New tech can tell exactly where you will be in future

New tech can tell exactly where you will be in future

Do you know precisely where you'll be 285 days from now at 2 pm?

Researchers have developed a new tracking software that can tell you exactly where you will be on a precise time and date years into the future.

Adam Sadilek, formerly of Microsoft, and John Krumm, a principal researcher at Microsoft used information from a pool of 300 volunteers in the Seattle metro area, Sadilek and Krumm and gathered a mountain of location data.

As the volunteers went about their daily lives - going to work, to the grocery store, out for a jog, even for transcontinental travel - each carried a GPS device much the same way they carried a cell phone, Fast Company Magazine reported.

The researchers also installed GPS devices in commercial shuttles and transit vans that the volunteers used regularly, and the volunteers' own vehicles, to further ensure accuracy.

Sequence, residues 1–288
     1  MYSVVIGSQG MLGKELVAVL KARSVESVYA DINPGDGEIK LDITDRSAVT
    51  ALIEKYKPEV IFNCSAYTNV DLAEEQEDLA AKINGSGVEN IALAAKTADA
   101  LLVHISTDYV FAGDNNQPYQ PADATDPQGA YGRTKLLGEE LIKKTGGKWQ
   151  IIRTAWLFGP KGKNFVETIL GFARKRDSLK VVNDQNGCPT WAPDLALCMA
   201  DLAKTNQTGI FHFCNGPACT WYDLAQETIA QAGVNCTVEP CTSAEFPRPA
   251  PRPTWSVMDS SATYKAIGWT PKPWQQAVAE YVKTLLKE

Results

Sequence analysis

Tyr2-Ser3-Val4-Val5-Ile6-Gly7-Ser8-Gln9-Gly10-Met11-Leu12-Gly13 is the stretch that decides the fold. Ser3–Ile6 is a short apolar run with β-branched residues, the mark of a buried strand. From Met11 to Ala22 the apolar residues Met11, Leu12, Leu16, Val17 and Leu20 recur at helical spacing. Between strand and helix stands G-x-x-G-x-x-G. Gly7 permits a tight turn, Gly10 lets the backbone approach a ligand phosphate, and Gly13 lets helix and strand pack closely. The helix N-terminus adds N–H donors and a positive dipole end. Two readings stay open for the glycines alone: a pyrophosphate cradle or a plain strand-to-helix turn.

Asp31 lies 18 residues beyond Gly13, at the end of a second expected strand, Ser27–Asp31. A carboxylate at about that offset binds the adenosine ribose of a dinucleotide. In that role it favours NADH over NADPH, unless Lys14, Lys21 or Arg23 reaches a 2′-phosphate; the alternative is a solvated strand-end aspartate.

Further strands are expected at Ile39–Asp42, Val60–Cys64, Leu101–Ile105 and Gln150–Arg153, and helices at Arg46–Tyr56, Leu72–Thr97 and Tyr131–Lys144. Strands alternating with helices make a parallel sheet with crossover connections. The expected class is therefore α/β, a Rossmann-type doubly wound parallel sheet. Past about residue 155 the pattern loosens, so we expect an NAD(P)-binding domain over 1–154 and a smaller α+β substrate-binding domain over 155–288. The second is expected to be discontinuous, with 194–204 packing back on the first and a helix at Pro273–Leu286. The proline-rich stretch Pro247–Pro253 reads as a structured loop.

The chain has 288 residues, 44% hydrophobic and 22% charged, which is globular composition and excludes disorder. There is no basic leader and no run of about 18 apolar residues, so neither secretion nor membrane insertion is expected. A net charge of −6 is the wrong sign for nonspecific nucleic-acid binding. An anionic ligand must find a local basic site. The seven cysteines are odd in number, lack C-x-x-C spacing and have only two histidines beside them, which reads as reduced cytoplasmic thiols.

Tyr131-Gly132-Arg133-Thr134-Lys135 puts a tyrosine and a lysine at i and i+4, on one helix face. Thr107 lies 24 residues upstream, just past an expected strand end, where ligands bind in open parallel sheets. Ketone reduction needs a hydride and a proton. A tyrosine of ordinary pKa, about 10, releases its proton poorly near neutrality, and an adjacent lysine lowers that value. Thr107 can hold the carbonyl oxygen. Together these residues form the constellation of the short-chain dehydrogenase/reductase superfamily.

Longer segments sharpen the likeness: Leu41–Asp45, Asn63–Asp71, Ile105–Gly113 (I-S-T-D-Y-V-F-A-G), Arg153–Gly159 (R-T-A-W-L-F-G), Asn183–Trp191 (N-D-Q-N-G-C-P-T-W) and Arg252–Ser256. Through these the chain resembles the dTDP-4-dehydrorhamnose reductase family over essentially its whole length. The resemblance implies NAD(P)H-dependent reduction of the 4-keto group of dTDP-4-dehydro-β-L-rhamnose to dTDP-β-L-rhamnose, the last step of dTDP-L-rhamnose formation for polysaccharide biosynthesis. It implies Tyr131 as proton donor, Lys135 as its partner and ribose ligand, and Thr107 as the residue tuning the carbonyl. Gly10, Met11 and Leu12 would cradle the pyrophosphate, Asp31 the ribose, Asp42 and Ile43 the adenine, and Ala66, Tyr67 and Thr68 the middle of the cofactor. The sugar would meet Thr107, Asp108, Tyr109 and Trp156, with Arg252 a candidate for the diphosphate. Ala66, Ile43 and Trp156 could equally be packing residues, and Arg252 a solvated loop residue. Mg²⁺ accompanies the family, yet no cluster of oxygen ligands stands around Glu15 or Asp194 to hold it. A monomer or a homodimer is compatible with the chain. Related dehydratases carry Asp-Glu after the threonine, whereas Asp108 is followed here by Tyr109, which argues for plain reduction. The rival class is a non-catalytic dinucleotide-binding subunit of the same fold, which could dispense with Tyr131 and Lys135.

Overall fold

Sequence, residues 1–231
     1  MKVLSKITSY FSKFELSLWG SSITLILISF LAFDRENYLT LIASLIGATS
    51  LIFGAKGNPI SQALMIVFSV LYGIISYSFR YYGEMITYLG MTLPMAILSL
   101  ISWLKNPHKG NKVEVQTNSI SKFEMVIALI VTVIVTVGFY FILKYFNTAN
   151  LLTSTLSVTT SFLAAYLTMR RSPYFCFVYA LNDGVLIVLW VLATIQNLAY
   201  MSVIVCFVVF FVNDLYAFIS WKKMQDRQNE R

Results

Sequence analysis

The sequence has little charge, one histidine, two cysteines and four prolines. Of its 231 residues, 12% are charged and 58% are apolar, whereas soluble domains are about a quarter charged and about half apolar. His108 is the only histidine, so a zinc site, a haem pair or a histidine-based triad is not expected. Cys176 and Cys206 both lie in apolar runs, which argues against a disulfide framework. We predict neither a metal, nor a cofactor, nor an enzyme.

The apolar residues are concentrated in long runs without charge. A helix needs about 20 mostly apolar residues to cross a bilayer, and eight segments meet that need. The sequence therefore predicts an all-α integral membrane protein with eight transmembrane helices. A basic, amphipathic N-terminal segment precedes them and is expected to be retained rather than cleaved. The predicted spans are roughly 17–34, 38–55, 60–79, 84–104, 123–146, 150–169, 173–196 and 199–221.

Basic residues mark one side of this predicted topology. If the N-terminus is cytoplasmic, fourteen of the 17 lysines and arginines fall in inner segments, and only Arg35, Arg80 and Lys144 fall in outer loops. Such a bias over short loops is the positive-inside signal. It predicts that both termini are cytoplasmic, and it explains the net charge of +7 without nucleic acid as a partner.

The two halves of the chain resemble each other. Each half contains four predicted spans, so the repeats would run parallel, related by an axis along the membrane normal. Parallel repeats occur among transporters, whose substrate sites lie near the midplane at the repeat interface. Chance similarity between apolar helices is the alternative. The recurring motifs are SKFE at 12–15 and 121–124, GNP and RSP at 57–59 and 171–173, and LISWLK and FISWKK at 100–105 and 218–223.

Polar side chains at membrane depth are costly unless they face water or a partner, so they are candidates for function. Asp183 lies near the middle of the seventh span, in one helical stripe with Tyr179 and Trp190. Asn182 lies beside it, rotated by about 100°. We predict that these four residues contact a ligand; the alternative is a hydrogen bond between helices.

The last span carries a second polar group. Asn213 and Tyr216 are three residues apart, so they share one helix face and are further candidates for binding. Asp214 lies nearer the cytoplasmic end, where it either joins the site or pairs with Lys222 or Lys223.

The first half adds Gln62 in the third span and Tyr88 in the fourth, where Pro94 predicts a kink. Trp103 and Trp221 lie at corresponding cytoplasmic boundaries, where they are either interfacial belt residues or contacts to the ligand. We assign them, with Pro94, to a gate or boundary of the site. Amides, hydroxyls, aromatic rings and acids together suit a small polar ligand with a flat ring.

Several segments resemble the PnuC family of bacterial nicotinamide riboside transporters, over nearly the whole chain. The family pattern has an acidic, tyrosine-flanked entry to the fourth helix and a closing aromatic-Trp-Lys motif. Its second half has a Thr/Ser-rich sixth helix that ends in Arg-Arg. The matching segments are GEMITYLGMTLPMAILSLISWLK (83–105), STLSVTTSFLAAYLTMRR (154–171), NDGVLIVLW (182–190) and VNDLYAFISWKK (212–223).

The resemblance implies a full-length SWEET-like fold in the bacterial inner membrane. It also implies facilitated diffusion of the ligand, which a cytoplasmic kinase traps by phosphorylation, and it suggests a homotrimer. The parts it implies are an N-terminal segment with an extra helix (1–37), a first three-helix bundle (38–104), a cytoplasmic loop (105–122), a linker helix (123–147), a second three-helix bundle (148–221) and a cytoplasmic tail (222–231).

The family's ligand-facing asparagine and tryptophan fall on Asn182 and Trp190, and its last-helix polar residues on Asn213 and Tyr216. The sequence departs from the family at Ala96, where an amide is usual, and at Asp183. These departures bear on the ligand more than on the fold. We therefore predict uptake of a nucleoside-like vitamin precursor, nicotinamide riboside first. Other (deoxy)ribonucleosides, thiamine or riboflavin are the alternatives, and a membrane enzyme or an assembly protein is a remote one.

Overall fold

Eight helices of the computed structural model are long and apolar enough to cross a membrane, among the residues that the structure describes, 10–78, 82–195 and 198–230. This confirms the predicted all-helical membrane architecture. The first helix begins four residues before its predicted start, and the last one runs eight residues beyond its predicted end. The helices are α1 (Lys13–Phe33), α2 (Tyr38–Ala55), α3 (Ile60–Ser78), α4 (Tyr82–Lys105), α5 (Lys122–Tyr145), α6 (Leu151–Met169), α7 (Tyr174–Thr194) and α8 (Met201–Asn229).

After collecting over 150 million location points, the researchers then had Far Out, the first system of its kind to predict long-term human mobility in a unified way, parse the data. Far Out does not need to be told exactly what to look for - it automatically discovered regularities in the data.

"For example, it might notice that Tuesdays and Thursdays are usually about the same and fairly consistent from week to week," the researchers said.

"Then when we ask about a future Tuesday or Thursday, the algorithm automatically produces a typical Tuesday/Thursday as a prediction," they said.

Salidek and Krumm were surprised with the results as it turned out that no matter how spontaneous we think we are, humans are actually quite predictable in their movements, even over extended periods of time.

Not only did Far Out predict with high accuracy the correct location of a wide variety of individuals, but it did so even years into the future.

Researchers said if there is a sharp transition, such as a move to another city, the system notices there is a discrepancy between its predictions and actual data and adapts to the new patterns.

"Most people have only a few 'revolutionary' changes in the course of their lives, so Far Out isn't caught off guard too often," said researchers.

Researchers hope that it can be applied to larger populations. This could be a boon to urban planners by leading to more accurate predictions about the spread of disease, traffic congestion, and the demand for electricity.

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